We learned what Trisomy 18 is on Nov 17th, which is also represented by a Light Blue Ribbon, but I think it is worth revisiting for those that may have missed.

Trisomy 18 Explained

Trisomy 18 is a chromosomal abnormality. It’s also called Edwards syndrome, after the doctor who first described it.

Chromosomes are the threadlike structures in cells that hold genes. Genes carry the instructions needed to make every part of a baby’s body.

When an egg and sperm join and form an embryo, their chromosomes combine. Each baby gets 23 chromosomes from the mother’s egg and 23 chromosomes from the father’s sperm — 46 in total.

Sometimes the mother’s egg or the father’s sperm contains the wrong number of chromosomes. As the egg and sperm combine, this mistake is passed on to the baby.

A “trisomy” means that the baby has an extra chromosome in some or all of the body’s cells. In the case of trisomy 18, the baby has three copies of chromosome 18. This causes many of the baby’s organs to develop in an abnormal way.

There are three types of trisomy 18:

  • Full trisomy 18. The extra chromosome is in every cell in the baby’s body. This is by far the most common type of trisomy 18.
  • Partial trisomy 18.The child has only part of an extra chromosome 18. That extra part may be attached to another chromosome in the egg or sperm (called a translocation). This type of trisomy 18 is very rare.
  • Mosaic trisomy 18. The extra chromosome 18 is only in some of the baby’s cells. This form of trisomy 18 is also rare.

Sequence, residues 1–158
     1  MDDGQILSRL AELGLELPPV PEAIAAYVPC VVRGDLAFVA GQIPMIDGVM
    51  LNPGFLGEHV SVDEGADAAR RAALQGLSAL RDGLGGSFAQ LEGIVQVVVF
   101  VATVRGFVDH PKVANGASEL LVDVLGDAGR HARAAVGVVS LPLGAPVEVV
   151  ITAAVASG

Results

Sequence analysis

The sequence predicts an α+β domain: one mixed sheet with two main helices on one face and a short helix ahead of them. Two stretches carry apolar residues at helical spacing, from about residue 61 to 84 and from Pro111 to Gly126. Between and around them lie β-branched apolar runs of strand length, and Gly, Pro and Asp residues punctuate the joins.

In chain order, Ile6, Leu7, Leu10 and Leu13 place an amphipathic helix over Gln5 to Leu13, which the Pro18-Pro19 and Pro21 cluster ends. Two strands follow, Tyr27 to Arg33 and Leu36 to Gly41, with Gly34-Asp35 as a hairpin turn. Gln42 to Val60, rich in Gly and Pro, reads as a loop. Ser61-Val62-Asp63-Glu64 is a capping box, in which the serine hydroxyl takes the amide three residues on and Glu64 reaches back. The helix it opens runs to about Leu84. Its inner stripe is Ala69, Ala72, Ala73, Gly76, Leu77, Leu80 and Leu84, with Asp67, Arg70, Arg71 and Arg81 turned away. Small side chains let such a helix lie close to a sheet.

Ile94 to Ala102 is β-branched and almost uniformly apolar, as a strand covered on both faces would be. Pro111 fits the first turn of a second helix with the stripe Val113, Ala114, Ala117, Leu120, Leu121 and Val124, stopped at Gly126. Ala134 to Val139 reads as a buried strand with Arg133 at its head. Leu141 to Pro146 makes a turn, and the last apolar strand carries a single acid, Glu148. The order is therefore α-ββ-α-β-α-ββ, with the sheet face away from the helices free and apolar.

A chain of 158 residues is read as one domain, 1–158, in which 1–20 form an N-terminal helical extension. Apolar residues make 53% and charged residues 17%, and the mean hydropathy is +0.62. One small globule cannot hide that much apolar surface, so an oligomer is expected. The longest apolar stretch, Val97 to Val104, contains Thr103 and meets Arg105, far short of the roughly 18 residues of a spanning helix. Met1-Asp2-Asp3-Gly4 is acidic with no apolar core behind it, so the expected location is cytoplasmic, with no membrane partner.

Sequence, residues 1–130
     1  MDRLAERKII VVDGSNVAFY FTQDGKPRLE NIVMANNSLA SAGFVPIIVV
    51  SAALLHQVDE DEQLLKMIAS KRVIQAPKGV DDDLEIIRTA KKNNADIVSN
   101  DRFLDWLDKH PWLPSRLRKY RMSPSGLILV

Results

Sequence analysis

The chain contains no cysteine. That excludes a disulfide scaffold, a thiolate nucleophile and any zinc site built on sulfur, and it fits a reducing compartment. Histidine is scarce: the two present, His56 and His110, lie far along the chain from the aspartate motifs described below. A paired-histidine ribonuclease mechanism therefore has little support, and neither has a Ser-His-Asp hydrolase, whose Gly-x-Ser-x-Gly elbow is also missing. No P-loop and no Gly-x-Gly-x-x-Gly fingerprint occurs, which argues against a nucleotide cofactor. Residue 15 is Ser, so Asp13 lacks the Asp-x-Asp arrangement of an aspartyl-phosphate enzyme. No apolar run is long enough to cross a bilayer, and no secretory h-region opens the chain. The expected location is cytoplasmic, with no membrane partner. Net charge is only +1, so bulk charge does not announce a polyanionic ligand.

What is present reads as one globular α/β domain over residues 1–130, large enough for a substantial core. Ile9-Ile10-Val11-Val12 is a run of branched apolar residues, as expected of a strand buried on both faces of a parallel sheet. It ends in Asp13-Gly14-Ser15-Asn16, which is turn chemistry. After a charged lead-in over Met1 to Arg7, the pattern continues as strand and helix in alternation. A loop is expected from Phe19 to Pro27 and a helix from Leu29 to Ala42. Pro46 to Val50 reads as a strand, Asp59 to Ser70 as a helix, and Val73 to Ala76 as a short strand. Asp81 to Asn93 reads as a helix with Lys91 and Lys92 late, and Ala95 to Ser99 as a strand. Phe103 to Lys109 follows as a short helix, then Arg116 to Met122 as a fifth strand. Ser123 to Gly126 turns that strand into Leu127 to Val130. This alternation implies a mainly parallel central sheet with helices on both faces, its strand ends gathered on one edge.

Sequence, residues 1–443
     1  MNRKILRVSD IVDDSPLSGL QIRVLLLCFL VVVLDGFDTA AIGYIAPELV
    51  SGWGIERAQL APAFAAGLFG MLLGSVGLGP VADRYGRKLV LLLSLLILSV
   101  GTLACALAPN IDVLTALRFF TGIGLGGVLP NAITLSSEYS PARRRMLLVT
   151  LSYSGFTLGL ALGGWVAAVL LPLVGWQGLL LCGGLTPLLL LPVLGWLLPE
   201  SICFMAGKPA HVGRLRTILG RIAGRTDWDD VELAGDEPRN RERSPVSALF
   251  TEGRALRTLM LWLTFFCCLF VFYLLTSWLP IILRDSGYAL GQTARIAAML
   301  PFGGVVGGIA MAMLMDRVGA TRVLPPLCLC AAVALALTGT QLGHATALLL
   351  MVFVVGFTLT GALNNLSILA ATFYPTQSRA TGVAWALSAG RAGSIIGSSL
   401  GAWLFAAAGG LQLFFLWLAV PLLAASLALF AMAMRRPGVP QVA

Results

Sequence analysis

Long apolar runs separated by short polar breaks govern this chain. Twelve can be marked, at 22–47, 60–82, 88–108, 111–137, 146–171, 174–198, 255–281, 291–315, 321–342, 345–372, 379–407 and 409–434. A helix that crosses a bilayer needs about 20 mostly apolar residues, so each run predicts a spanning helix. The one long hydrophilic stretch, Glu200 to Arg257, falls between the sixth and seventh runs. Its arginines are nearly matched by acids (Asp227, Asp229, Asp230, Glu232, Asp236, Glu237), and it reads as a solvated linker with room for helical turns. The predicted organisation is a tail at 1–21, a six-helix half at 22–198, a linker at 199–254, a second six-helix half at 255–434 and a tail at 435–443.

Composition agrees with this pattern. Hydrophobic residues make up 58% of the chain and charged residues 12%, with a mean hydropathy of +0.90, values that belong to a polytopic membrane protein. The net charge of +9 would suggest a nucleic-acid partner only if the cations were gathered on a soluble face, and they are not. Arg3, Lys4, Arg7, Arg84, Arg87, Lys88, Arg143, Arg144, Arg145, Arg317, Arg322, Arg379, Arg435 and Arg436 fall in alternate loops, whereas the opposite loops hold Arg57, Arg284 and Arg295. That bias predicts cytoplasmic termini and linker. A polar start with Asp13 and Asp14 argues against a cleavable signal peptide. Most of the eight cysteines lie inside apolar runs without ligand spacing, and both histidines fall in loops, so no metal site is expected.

How Many Babies Have Trisomy 18?

Trisomy 18 is the second most common type of trisomy syndrome, after trisomy 21 (Down syndrome). About 1 in every 5,000 babies is born with trisomy 18, and most are female.

The condition is even more common than that, but many babies with trisomy 18 don’t survive past the second or third trimester of pregnancy.

Is There Any Treatment for Trisomy 18?

There is no cure for trisomy 18. Treatment for trisomy 18 consists of supportive medical care to keep the child comfortable and with the best quality of life possible.

What Is the Outlook for Babies With Trisomy 18?

Because trisomy 18 causes such serious physical defects, many babies with the condition don’t survive to birth. About half of babies who are carried full-term are stillborn. Boys with trisomy 18 are more likely to be stillborn than girls.

Of those babies who do survive, less than 10% live to reach their first birthday. Children who do live past that milestone often have severe health problems that require a large amount of care. Only a very small number of people with this condition live into their 20s or 30s.

Having a child with trisomy 18 can sometimes be emotionally overwhelming, and it’s important for parents to get support during this difficult time. Organizations such as the Chromosome 18 Registry & Research Society and the Trisomy 18 Foundation can help.

Read More and See the Symptoms Chart: http://www.webmd.com/baby/what-is-trisomy-18

Clint Elliot light blue trisomy 18